I recently introduced readers to Parker-Hannifin Corporation (NYSE:PH), Emerson Electric Co. (NYSE:EMR), and 3M Co. (NYSE:MMM) in the context of helping you achieve and improve your retirement. I also recently covered Parker-Hannifin's most recent earnings miss and explained why long-term investors shouldn't worry about it. Today, I'd like to focus your attention on an excellent but often underutilized investment tool -- the quarterly conference call. What we learn from these calls can better help you get to know this company and better understand why it deserves a spot on your dividend growth radar.
This was a transition year for Parker-Hannifin
"The significance of this year was that we were able to complete the largest series of restructuring efforts in our history and still deliver strong operating performance that we projected going into the fiscal year. This positions us extremely well heading into fiscal 2015, and sets us up for a continued excellent performance beyond that, and I'm talking about especially into 2016, considering the additional restructuring that we're undertaking."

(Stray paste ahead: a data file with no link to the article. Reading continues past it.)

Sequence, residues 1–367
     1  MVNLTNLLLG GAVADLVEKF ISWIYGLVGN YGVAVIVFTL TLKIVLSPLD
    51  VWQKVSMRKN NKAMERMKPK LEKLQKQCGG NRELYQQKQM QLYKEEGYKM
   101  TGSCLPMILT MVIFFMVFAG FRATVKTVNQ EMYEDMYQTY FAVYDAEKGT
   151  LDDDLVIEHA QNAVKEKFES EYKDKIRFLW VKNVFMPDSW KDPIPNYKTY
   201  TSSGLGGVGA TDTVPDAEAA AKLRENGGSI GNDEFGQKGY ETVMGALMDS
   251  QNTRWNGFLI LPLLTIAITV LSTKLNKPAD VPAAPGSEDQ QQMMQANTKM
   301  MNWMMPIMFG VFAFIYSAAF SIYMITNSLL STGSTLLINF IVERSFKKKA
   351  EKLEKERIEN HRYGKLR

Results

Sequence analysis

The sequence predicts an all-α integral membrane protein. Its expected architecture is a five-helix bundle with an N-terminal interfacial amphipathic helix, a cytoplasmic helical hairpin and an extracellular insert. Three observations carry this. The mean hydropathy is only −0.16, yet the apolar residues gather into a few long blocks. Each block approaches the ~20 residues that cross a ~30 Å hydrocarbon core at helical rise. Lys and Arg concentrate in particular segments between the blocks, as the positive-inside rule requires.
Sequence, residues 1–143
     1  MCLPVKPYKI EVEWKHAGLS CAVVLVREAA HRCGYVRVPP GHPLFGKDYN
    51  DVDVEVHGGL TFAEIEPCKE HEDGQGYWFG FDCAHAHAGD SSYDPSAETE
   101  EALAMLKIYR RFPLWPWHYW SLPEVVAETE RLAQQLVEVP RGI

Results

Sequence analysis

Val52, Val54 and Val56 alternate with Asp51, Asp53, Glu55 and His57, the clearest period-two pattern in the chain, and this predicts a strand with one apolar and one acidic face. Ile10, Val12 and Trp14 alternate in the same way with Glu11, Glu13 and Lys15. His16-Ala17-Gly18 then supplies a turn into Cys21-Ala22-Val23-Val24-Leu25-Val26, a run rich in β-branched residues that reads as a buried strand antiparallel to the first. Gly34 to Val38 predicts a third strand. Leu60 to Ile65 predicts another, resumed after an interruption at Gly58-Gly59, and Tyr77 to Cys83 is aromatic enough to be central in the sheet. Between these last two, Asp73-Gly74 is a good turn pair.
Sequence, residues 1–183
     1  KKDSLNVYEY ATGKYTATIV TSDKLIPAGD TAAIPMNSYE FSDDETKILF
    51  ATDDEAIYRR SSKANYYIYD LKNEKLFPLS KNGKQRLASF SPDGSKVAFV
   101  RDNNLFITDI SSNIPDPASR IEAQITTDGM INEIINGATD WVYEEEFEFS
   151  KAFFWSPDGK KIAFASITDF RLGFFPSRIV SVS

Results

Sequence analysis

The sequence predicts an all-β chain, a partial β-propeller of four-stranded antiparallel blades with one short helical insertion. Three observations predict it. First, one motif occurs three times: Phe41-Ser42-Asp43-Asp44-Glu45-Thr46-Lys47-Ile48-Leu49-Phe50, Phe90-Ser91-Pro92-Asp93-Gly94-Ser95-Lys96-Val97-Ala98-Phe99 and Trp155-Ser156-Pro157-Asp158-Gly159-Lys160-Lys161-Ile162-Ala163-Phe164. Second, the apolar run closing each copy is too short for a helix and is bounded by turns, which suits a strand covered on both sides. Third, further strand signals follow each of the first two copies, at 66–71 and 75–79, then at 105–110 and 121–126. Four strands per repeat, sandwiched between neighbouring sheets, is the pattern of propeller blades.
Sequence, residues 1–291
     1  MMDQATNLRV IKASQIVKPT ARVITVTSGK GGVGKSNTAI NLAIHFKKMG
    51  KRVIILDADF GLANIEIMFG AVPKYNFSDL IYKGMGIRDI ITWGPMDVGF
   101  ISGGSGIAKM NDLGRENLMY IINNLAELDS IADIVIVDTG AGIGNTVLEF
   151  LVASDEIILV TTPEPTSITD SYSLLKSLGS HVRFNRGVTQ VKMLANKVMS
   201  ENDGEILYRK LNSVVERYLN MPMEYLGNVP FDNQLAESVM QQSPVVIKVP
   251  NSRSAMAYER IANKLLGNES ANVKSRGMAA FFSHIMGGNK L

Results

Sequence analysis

-- Chairman, CEO, and President Donald E. Washkewicz
Washkewicz highlighted the company's restructuring because expenses and writedowns associated with it are the reason the company missed its latest earnings by 4.3%. Adjusted for these expenses, the company missed by just a penny a share and notched 15.7% earnings growth compared with the same quarter last year.
This form of restructuring is vitally important to Parker-Hannifin and its industrial peers. Remaining flexible and adaptable has been key to this 96-year-old company's impressive growth track record, and it will continue to be so in the coming decades.
Parker-Hannifin is able to grow even in difficult market conditions